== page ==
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Apocalyptic and post-apocalyptic fiction is a subgenre of science fiction in which the Earth's (or another planet's) civilization is collapsing or has collapsed. The apocalypse event may be climatic, such as runaway climate change; astronomical, such as an impact event; destructive, such as nuclear holocaust or resource depletion; medical, such as a pandemic, whether natural or human-caused; end time, such as the Last Judgment, Second Coming or Ragnarök; or any other scenario in which the outcome is apocalyptic, such as a zombie apocalypse, cybernetic revolt, technological singularity, dysgenics or alien invasion.
The story may involve attempts to prevent an apocalypse event, deal with the impact and consequences of the event itself, or it may be post-apocalyptic, set after the event. The time may be directly after the catastrophe, focusing on the psychology of survivors, the way to keep the human race alive and together as one, or considerably later, often including that the existence of pre-catastrophe civilization has been mythologized. Post-apocalyptic stories often take place in a non-technological future world or a world where only scattered elements of society and technology remain.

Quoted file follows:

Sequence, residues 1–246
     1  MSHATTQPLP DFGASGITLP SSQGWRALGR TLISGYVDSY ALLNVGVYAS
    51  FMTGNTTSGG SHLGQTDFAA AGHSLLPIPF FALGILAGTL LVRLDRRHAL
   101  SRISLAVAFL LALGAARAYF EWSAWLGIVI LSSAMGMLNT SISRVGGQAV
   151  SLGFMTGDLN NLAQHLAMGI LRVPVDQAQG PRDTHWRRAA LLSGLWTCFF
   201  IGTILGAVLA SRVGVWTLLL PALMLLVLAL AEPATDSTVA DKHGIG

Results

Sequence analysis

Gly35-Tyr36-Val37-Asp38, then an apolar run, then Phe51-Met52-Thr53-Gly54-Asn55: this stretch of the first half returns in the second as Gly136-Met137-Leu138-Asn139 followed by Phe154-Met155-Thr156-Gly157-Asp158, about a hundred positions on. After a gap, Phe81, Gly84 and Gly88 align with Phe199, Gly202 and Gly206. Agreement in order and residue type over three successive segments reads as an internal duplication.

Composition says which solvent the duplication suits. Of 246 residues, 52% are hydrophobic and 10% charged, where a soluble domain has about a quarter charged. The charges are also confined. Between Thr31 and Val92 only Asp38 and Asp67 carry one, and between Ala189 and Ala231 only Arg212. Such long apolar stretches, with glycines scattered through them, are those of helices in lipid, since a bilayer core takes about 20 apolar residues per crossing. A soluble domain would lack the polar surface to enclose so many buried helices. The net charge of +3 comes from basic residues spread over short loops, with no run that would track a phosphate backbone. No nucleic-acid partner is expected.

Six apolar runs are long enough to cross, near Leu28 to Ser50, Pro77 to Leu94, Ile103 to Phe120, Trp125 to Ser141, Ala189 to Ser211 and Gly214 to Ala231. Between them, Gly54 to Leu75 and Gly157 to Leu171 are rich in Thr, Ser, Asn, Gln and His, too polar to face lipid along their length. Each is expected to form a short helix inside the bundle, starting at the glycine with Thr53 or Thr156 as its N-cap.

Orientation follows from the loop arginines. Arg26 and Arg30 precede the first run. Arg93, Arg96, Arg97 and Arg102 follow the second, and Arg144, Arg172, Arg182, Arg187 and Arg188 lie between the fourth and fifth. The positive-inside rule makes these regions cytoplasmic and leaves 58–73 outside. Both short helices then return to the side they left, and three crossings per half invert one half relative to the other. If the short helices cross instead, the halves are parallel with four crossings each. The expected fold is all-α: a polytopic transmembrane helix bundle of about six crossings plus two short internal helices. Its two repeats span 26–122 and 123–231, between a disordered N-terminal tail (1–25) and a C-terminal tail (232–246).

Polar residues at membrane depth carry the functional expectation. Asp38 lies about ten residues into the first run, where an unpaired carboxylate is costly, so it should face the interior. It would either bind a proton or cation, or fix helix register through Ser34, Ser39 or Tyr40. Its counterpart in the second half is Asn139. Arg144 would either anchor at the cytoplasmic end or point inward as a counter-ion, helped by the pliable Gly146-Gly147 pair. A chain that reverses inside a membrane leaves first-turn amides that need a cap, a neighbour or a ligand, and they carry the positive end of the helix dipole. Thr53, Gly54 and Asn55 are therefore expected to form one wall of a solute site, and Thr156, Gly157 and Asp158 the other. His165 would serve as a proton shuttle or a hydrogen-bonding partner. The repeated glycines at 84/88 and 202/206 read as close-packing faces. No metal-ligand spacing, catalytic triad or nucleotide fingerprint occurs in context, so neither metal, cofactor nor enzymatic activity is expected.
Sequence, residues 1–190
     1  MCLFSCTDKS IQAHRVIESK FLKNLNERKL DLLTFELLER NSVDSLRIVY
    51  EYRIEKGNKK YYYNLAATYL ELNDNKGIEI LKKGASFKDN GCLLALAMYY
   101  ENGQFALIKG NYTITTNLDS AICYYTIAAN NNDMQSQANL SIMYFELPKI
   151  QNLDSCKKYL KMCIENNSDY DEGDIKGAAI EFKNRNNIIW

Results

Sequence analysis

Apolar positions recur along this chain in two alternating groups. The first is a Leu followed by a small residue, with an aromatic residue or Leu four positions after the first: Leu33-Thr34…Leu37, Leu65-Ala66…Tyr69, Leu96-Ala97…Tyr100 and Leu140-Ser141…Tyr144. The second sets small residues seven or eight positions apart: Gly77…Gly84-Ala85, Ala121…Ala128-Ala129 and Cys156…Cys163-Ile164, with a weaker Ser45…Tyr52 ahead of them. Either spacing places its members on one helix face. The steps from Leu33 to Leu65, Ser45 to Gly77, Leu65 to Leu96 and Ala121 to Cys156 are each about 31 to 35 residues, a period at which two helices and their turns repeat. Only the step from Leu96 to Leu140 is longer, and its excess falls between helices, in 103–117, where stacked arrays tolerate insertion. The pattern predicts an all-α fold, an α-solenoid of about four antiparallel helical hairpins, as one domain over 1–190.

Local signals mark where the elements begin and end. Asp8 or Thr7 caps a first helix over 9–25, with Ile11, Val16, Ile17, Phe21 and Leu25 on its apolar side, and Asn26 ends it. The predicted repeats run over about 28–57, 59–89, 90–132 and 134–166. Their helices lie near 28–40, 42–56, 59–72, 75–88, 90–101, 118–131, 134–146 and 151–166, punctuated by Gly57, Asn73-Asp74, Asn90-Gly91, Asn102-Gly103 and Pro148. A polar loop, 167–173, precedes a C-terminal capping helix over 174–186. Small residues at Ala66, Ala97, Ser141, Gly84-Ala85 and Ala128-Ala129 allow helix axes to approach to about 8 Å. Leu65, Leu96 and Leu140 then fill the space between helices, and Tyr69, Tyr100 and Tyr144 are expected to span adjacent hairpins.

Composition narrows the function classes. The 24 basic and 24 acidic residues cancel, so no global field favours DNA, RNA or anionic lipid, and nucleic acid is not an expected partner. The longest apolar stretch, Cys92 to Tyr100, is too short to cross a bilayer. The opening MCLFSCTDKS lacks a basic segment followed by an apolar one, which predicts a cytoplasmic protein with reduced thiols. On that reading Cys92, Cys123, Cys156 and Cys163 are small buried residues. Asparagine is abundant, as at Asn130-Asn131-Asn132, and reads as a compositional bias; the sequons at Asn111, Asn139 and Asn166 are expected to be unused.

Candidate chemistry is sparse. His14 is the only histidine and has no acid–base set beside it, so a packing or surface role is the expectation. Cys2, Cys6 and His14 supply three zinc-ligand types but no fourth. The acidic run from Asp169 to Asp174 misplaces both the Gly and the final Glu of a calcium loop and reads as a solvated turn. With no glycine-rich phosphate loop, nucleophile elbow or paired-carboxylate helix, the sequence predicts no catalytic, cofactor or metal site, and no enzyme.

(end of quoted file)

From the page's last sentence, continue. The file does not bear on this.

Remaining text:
Various ancient societies, including the Babylonian and Judaic, produced apocalyptic literature and mythology which dealt with the end of the world and of human society, such as the Epic of Gilgamesh, written c. 2000–1500 BC. Recognizable modern apocalyptic novels had existed since at least the first third of the 19th century, when Mary Shelley's The Last Man (1826) was published; however, this form of literature gained widespread popularity after World War II, when the possibility of global annihilation by nuclear weapons entered the public consciousness.